The Trump administration’s strategy in Iran will face a key test this week as the United States calls for a vote at the United Nations on its resolution to extend an arms embargo against the Islamic Republic.
If the resolution fails – which experts say is the most likely scenario – the Trump administration has threatened to call for immediate sanctions, which supporters of Iran’s nuclear deal fear could bring the deal to its knees.
Gambit also risks further alienating the United States from its allies, who continue to support the Joint Action Plan (JCPOA) nuclear deal and have opposed the Trump administration’s so-called maximum pressure campaign against Tehran.
“The Trump administration knows the gun embargo will not be renewed and, more than anything, this is a boost for them to try to call the snapback and destroy what is left of the JCPOA,”; said Ilan Goldenberg, senior fellow i Center for a New American Security.
At issue is a UN Security Council resolution adopted in 2015 in support of the nuclear deal between Iran and some world powers that President TrumpDonald John TrumpDeWine Tests Negatively for Coronavirus for the Second Time Some GOP lawmakers express concern over Trump executive orders Beirut consequences present evidence of US aid to ally frustration more withdrew the United States from 2018. Under the resolution, a ban on imports and exports of conventional arms straight to and from Iran is set to be lifted Oct. 18.
This past week, the Secretary of State Mike PompeoThe aftermath of Michael (Mike) Richard PompeoBeirut presents evidence of US aid to irritate allied advocacy groups opposed to Trump’s election as ambassador to Germany US pledges millions in disaster aid to Lebanon more said the Security Council will vote next week on a US resolution extending the embargo.
“The proposal we have presented is extremely reasonable,” Pompeo told a news conference. “One way or another, we will do the right thing. We will ensure that the arms embargo is extended.”
But Russia and China, which have veto power over the UN Security Council, have already rejected the US offer.
In the face of possible defeat, Pompeo has threatened another tactic: argue that the United States remains a party to the nuclear deal as set out in the Security Council resolution despite Trump withdrawing from the deal. Doing so could allow the United States to call for a repeat of all UN sanctions that were in force before the nuclear deal, thus extending the arms embargo.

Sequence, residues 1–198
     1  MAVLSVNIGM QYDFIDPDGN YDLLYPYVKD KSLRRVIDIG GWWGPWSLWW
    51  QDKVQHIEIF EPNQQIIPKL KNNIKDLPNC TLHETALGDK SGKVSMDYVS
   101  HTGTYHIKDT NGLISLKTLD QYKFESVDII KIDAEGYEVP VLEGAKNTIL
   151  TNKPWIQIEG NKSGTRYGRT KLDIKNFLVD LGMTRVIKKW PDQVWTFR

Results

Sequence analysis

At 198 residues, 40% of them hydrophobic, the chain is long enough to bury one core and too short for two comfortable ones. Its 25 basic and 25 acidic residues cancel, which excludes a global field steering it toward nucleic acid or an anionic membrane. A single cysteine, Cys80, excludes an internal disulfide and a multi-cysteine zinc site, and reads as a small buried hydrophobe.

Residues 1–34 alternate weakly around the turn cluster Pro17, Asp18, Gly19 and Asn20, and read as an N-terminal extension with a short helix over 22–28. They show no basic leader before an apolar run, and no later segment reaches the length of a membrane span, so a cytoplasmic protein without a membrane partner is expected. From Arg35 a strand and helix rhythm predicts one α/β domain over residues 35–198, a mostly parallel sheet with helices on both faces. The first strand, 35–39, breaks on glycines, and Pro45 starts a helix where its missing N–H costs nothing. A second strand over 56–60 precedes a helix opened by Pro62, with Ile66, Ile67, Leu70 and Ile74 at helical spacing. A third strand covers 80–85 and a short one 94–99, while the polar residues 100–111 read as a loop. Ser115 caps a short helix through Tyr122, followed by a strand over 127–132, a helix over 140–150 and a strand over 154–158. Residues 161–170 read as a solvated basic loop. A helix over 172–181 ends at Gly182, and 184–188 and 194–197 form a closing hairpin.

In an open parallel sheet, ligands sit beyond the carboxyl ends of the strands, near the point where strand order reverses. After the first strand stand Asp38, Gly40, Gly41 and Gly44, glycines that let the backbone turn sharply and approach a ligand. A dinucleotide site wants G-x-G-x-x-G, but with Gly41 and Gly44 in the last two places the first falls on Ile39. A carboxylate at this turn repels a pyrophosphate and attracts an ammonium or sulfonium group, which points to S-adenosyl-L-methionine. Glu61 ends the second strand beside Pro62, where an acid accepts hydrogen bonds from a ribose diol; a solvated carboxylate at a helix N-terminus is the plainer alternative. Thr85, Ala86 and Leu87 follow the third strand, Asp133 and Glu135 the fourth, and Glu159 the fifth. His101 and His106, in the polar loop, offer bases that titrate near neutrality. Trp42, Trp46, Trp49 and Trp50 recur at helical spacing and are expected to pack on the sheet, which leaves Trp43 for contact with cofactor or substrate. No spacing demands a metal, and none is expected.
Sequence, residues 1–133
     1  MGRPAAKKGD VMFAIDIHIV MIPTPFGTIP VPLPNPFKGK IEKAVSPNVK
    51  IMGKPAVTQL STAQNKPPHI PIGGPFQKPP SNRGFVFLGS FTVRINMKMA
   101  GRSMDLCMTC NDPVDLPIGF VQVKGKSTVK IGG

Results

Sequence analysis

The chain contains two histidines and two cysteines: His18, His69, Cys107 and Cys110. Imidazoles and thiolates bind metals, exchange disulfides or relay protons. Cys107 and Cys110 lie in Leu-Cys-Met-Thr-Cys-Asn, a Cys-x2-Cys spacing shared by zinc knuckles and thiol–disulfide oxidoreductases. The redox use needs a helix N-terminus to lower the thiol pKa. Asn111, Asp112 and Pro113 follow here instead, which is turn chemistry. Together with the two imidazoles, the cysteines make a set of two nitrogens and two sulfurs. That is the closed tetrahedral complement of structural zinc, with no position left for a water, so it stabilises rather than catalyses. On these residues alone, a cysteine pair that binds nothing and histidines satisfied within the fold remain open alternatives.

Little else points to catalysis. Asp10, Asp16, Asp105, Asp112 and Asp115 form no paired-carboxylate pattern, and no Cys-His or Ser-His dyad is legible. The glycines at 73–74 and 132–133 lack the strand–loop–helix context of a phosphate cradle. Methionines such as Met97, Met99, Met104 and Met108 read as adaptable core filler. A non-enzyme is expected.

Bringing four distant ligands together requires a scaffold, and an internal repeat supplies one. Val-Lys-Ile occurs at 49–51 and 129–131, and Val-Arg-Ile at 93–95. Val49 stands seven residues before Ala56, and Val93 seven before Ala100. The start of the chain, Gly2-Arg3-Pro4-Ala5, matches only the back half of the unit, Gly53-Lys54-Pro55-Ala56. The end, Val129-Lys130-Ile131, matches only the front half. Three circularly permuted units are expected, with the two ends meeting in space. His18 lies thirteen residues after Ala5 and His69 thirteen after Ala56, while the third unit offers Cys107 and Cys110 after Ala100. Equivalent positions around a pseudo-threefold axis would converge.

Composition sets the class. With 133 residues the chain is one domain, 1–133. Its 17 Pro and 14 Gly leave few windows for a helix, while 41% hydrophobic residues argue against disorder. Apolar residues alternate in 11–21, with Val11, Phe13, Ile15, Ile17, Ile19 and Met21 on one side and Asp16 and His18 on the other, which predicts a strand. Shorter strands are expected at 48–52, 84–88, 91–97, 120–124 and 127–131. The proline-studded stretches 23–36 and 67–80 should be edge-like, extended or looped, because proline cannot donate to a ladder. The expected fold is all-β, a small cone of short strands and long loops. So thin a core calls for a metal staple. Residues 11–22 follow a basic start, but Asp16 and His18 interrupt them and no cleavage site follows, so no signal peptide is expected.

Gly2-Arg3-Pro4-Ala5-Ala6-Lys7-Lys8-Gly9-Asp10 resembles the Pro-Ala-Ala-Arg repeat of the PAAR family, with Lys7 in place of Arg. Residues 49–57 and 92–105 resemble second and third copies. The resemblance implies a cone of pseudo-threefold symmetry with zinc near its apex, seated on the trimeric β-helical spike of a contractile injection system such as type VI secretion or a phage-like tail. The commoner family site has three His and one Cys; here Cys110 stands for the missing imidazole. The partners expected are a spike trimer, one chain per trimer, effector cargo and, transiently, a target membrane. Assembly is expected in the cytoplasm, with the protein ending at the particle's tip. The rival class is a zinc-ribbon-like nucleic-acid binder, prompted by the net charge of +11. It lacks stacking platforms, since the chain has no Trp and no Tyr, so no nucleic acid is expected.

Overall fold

“We are deeply aware that the moment is an option available to the United States, and we will do everything within America’s power to ensure that the arms embargo is extended,” Pompeo said. “I’m sure we will be successful.”
The United States will have to impose fast-return sanctions by September 17 to impose them until the arms embargo expires.
In an additional twist, senior State Department envoy to Iran Brian Hook announced his departure from the administration on Thursday. He will be replaced by Elliott Abrams, who has been the administration’s best envoy to Venezuela since 2019.
Over the past few months, Hook has traveled the world seeking to build support for the U.S. resolution to extend the arms embargo, with little apparent success. In a virtual appearance at the Aspen Security Forum a day before his resignation, Hook stressed support for extending the embargo between the Gulf nations and Israel, adding that “no one thinks what is missing from the Middle East are more Iranian weapons. “
Abrams, a tough line in Iran, is perhaps best known for pleading guilty to withholding information from Congress during the Iran-Contra affair. He was later pardoned by President George HW Bush.
“The removal and replacement of Hook by Abrams – a tough, veteran Middle Eastern and Latin American veteran – raises risks associated with the final months of Trump’s first term,” political risk consultancy Eurasia Group said in a statement. note to customers and media this past week.